Saturday, November 01, 2003

"The waiting is the hardest part."

Tom Petty (and me)

As I said, I think that a long deliberation on my case is worse than a short deliberation. I imagine that in the jury room, there are a few strong opinions on each side, and a bunch of people in the mushy middle. My view was that if the jury was going to vote Not Guilty (something juries rarely do in murder cases), then I needed them to all feel that instinctively when they began deliberations, and that if they didn't believe it instinctively, then those who wanted to acquit would never convince those who wanted to convict to change their vote.

I've tended to notice that those jurors who try and sway people to acquittal have a tougher time changing minds than those trying to sway towards conviction. The fact is, jurors believe that when is filed, there is something there, and they should not come back with an acquittal unless there is a good reason to do so, regardless of the law.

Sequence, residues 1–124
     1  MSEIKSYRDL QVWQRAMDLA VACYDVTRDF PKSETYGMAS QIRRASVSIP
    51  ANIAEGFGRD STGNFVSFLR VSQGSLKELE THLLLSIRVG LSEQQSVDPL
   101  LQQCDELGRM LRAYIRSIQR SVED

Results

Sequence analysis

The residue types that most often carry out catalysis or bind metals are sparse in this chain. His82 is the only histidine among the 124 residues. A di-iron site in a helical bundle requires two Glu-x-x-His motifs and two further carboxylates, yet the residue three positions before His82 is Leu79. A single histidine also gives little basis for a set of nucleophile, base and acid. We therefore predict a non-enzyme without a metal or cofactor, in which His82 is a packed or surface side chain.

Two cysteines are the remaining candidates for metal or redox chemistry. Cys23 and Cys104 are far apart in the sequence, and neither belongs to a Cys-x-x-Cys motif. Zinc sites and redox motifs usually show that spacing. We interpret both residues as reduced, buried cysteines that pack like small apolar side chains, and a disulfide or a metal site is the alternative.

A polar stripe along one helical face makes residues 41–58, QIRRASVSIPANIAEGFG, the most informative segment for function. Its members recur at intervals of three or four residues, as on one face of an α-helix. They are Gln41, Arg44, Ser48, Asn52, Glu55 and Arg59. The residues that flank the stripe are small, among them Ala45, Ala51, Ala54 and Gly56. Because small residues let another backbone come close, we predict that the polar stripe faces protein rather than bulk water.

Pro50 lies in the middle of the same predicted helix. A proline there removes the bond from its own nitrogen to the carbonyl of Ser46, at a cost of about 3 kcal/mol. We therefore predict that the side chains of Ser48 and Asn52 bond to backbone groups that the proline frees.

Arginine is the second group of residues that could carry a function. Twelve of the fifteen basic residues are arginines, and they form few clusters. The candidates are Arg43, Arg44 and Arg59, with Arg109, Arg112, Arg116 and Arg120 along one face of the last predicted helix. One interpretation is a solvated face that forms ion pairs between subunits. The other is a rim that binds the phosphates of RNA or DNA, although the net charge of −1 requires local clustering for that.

On Friday, the jury spent the whole day in deliberations, they didn't ask for readback, they didn't ask any questions, they didn't send any notes out. They were back there deliberating the whole day, with just the exhibits to aid them. I think this means that they may be split, and as I mentioned, this generally means that they are pushing towards conviction. All I can do is wait, though, and hope.

Since this case was generally a fact based case, the judge didn't have to make too many rulings. But, I think he made a few that could result in a reversal, but since California Courts have about a 98% affirmance rate, I'm not putting any hope in that. If the case hangs, I think that would be generally bad, as I think the prosecution would be favored the second time around. In all, I think that this long delay is bad news.

But, in the meantime, I just have to wait.......

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